Why giving is good for business: TOMS founder Blake Mycoskie shares six steps for building a global social enterprise

Why giving is good for business: TOMS founder Blake Mycoskie shares six steps for building a global social enterprise

For entrepreneur Blake Mycoskie, the act of giving is fundamental to business success.

Mycoskie is the founder of popular ethical shoe brand TOMS and during a visit to Melbourne this month, he advocated for continuing cohesion between business and philanthropy.

The 39-year-old is attributed with pioneering the one-for-one business model: for each pair of TOMS shoes purchased, a pair is given to a child in need.

“Giving doesn’t just feel good it’s good for business and there’s nothing wrong with that,” Mycoskie says.

This year marks the 10th anniversary of the TOMS brand, which Mycoskie founded in 2006 after rising to notoriety on US television show The Amazing Race as the contestant who caused his team to lose the million-dollar prize by just four minutes.

TOMS now gives away shoes in 60 countries and according to The Guardian, the company was valued at $US625 million ($890 million) when private equity group Bain Capital purchased a 50% stake in 2014.

Speaking at an event to launch a partnership with Australian NGO Save the Children and the Australian Olympic Committee, Mycoskie shared the story of how TOMS started and his top tips for an ethical business.

1. Use entrepreneurship and business to solve the problem

TOMS began when Mycoskie took a month off to visit Argentina, after spending between 80 and 100 hours a week launching an online driving education company. While on holiday, Mycoskie spent a day donating used shoes to children in Argentina.

The day felt initially heart-warming but Mycoskie says it led to pangs of guilt.

 “What happens when people stop making donations? When there’s a hurricane or a tsunami and people are putting their efforts for that?” Mycoskie says.

For these children, who would need new shoes almost every five months from growth spurts, one random donation would not suffice.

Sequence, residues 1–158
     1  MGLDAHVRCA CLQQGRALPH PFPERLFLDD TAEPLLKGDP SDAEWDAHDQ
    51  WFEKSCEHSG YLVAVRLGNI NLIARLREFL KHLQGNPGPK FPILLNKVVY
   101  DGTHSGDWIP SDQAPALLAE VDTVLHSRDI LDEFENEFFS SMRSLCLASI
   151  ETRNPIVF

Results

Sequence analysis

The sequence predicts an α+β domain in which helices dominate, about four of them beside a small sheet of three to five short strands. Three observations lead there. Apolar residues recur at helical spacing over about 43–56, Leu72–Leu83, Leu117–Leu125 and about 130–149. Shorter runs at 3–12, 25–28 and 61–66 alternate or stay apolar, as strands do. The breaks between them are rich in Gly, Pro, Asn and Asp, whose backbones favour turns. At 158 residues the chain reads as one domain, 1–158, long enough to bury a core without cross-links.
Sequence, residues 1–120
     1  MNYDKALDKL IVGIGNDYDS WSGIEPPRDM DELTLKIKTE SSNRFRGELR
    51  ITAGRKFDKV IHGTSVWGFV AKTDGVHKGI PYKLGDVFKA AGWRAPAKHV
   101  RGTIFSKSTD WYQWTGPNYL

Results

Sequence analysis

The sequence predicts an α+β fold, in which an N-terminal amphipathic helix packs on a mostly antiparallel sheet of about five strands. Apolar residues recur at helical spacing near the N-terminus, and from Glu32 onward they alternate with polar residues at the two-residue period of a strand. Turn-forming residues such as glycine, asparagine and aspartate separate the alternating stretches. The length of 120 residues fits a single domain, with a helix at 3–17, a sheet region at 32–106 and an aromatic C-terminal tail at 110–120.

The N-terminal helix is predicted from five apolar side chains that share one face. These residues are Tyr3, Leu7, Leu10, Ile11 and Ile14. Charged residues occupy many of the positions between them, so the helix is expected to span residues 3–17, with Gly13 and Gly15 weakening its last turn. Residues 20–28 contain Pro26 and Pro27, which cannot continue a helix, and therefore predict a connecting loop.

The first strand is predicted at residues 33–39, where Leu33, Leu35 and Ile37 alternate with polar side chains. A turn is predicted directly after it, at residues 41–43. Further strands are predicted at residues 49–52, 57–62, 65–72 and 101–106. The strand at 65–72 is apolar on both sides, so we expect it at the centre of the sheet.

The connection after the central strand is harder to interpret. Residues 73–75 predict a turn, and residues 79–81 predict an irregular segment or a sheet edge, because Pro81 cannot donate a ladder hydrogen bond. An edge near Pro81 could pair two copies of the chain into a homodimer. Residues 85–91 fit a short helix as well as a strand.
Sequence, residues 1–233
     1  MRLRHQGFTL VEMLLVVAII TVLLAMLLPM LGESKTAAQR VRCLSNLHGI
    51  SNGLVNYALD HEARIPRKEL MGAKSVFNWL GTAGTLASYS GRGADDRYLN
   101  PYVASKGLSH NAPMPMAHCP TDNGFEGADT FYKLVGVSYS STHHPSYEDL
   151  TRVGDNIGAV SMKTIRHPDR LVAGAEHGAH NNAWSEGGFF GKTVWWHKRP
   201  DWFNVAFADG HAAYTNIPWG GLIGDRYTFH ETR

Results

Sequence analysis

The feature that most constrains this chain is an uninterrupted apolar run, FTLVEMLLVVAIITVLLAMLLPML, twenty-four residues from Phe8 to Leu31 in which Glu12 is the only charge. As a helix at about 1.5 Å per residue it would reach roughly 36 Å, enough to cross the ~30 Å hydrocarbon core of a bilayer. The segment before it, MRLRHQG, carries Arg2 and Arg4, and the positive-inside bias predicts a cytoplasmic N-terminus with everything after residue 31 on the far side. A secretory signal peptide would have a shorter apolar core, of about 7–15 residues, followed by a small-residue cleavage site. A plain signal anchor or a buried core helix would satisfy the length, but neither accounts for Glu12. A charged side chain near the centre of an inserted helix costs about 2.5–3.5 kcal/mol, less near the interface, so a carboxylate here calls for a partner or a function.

Mycoskie used his business background to consider the shoe business, the basic maths involved and the significant mark-up that would allow consumers to buy a pair of shoes for themselves and fund a donated pair.

This sparked the TOMS philosophy: shoes today shoes tomorrow.

2. One-for-one is a human idea


The concept behind TOMS shoes, of being able to buy something and help someone at the same time, is a very human idea that transcends geographical boundaries, according to Mycoskie.

“It’s not a Californian idea, it’s not an American idea, it’s not an Australian idea it’s a human idea,” he says.

Just a year after starting the venture, 10,000 pairs of TOMS had been sold.

“Today we’ve been able to give 50 million pairs of shoes,” Mycoskie says.

“The reason we’ve been able to grow and evolve is because I believe humans truly want to help one another.

“I believe that given the choice between purchasing something where there’s going to be profit on the bottom line versus one that can be caring for the planet and its people they will make that choice.”

3. It doesn’t have to be a big idea


Mycoskie is often asked for his “epiphany moment” for when the notion for TOMS struck him but he says a winning idea doesn’t have to be particularly big.

“Often times when a business has success things get kind of mythical and the truth is it wasn’t a big idea,” he says.

“It was a very small idea: wanting to help 250 kids. And had it only stayed that way and had it only helped those 250 kids, it still would’ve been awesome.”

“The truth is had it not worked it still would’ve been an idea worth creating.

“When I think back to the life-changing moment that everyone wants to talk about, it wasn’t the idea, it was actually when we first went to deliver the shoes to the village.”

4. Your personal brand matters

 “Giving feels good…and that in itself is a reason to do it,” Mycoskie says.

“Giving incorporated in an authentic can have a positive impact on your business and your personal brand.”

Mycoskie believes spending on traditional advertising is not necessary: if your story is important, your supporters will tell your story.

“What we found is our customers became our marketers, no one who wore a pair of TOMS in that first year or two didn’t tell our story,” he says.

“We didn’t ask them to but they were proud to tell the story.”

5. Have a purpose

 “Business is all about people and how you can track, retain and motivate and what I’ve found is the best way to keep people motivated is to give them a purpose and not just a pay check,” Mycoskie says.

By having a vision to be a for-profit social enterprise business, TOMS is able to keep consumers invested in the TOMS mission.

“We have a purpose beyond profit,” Mycoskie says.

6. One-for-one becomes one-for-something

The future of TOMS is now in not only donating pairs of shoes, but offering other services, such as vaccinations or eye surgery.

TOMS are now manufacturing in many of the countries where the giving takes place, thereby adding an additional aspect of supporting social enterprises, something Mycoskie hopes other businesses will adapt.

“When you make your life about something that is more than your own personal gain then people want to partner with you, they want to see you be successful,” he says.

Ronelle Richards is a former journalist at SmartCompany. She is currently studying a Masters of Journalism at The University of Melbourne and has previously worked as a journalist and photographer in rural newspapers.

We Recommend


  • http://beyondbeanie.org Lucas

    It’s exciting to see how Blake M. and his company TOMS have done so much good and continue to do so by educating others